ABH Site Index
- Historic Sites
- U.S. History Timeline
- More Info
ABH Travel Tip
After your visit to a historic location you love, consider a contribution to the local of national historic preservation society. Each year, thousands of acres of our historic past are under the threat of extinction. A few dollars now could preserve it forever.
Teepossible T-shirts and Gifts, including the official
souvenirs from Americasbesthistory.com.
Click here to Sponsor the page and how to reserve your ad.
March 4, 1791 - Vermont is added as the 14th State. Carved from portions of New York and New Hampshire, and first known as New Connecticut, Vermont spent fourteen years as an independent republic before joining the Union.
They'd been independent, those Vermonters, since 1777, during the American Revolution, unsatisfied with the alignment, at that time, with the state of New York, and prior to that the state of New Hampshire during British and colonial rule. During the revolution, the citizens of the Republic of Vermont had supported the United States cause for independence, even sending soldiers, the Green Mountain Boys (who favored New Hampshire and were led by Ethan Allen), to fight alongside their former brethren, assisting Benedict Arnold in his battle against Fort Ticonderoga. The sentiment in the new territory was that they preferred to join the United States. They even put references in official documents, including their constitution to the State of Vermont, as well as a reference to the 14th star on their coins and 14 branches on their official seal. However, they had not found a way, due to New York land claim objections, to join the colonies in official rebellion against the crown, and the United States was too busy itself with the revolutionary cause to spend much time fighting against the independence of the new Republic of Vermont.
From 1777 forward, they would be that independent Republic of Vermont. After the Treaty of Paris ended the Revolution, sentiments amongst the various parties in New York and Vermont began a slow period of change. By 1790, the legislature of New York agreed to Vermont statehood as long as a boundary could be established and agreed upon; eventually Vermont agreed to pay $30,000 to settle claims of New York land patents. On January 10, 1791, the Vermont legislature agreed to petition the United States for admittance. It passed 105 to 2. Note: some sources state that four objected.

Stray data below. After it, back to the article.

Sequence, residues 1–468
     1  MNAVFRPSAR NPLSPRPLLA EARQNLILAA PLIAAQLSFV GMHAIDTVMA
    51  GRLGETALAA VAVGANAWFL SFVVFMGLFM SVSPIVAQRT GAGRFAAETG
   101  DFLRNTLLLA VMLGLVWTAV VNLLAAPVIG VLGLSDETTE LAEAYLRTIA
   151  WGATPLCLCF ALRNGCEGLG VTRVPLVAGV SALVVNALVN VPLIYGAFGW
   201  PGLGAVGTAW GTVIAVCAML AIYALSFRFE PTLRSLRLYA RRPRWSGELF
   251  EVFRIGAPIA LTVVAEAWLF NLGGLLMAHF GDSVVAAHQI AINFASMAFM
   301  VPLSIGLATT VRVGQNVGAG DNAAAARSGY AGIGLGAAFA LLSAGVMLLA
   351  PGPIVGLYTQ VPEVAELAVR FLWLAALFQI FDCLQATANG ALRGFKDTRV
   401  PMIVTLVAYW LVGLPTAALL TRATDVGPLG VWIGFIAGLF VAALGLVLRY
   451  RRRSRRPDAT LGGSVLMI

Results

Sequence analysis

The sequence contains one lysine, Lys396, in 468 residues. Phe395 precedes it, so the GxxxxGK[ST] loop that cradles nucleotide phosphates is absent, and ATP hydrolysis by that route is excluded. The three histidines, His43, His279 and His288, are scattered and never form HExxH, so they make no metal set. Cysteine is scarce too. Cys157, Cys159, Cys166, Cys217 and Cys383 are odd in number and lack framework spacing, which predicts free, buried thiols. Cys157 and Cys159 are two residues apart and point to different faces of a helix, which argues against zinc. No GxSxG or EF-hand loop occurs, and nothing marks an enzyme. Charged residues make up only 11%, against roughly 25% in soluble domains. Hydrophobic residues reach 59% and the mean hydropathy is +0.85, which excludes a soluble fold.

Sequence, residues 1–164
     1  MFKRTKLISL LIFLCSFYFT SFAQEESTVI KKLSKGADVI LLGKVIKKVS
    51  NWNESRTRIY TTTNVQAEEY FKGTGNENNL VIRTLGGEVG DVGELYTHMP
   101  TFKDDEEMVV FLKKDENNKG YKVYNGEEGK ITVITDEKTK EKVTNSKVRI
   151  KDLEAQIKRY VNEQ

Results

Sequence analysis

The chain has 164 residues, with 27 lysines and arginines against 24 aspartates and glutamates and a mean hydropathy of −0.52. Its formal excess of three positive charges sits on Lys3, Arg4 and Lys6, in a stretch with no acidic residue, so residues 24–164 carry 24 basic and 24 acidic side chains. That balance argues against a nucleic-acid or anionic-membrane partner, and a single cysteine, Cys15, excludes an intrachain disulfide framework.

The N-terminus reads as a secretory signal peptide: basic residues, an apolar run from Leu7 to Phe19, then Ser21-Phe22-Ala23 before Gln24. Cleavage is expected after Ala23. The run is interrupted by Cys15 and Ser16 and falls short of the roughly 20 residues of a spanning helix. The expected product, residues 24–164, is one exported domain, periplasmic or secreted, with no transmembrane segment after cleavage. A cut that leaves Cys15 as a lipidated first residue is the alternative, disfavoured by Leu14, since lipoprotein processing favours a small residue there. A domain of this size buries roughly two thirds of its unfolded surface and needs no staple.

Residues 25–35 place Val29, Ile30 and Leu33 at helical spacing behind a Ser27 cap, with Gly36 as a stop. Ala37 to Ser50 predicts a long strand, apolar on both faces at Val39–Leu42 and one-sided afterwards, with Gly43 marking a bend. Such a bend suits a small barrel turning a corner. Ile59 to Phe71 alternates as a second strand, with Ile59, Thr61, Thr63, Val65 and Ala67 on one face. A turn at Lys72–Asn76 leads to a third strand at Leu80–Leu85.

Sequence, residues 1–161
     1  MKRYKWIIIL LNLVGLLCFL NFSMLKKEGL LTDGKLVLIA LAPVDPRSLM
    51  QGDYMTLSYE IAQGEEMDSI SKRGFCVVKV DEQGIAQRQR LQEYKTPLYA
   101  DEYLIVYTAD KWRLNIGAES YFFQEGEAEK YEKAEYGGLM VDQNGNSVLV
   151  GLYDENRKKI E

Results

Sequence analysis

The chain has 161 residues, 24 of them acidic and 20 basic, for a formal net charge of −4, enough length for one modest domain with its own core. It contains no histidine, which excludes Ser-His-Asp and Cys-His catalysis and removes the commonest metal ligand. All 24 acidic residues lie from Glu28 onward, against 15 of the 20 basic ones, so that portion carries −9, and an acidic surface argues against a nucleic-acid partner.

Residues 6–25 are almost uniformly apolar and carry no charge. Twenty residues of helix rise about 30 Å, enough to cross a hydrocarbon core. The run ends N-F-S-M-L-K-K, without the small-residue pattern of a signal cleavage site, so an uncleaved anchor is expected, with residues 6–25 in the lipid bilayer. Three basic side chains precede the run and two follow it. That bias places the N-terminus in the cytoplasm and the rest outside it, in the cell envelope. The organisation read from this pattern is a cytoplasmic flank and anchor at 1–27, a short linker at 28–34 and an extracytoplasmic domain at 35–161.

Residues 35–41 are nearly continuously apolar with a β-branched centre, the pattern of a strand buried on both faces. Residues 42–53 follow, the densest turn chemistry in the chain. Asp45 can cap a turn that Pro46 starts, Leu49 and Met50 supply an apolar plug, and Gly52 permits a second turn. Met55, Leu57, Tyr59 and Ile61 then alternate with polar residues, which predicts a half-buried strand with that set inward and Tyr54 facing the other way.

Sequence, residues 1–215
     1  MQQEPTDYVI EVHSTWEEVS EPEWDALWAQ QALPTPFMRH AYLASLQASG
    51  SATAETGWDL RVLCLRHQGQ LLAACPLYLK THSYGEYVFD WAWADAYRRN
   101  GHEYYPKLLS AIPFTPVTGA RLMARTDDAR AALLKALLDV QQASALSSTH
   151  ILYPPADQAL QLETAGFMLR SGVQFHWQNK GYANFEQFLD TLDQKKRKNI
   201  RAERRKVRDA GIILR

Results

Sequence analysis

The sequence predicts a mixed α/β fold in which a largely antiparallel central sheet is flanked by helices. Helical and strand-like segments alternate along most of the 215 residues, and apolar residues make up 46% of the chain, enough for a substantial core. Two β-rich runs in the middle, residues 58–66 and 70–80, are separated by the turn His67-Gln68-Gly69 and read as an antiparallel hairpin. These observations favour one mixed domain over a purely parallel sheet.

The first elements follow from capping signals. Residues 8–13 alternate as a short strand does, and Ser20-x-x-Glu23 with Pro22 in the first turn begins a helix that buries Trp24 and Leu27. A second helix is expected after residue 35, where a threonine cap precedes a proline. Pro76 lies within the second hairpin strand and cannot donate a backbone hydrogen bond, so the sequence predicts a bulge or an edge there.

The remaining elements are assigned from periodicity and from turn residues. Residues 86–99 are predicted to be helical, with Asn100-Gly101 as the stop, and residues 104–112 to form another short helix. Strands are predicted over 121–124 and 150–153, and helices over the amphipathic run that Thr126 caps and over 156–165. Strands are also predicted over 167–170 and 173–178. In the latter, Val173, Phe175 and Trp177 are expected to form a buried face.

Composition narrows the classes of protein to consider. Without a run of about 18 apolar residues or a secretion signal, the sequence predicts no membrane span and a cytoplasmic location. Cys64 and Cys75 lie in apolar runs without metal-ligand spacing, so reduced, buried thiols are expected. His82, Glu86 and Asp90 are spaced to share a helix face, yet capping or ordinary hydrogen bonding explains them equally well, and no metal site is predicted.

On February 18, 1791, an Act of Congress, the first Congress, third session, admitted Vermont into the United States.
They would be fully part of the United States by March 4, 1791. The census stated that 85,425 people lived in the new state in 1791.
Full Text, Admission of the State of Vermont
An Act for the admission of the State of Vermont into this Union.
The State of Vermont having petitioned the Congress to be admitted a member of the United States,
Be it enacted by the Senate and House of Representatives of the United States of America in (congress assembled, and it is hereby enacted and declared, That on the fourth day of March, one thousand seven hundred and ninety-one, the said State, by the name and style of "the State of Vermont," shall be received and admitted into this Union, as a new and entire member of the United States of America.
Approved, February 18,1791.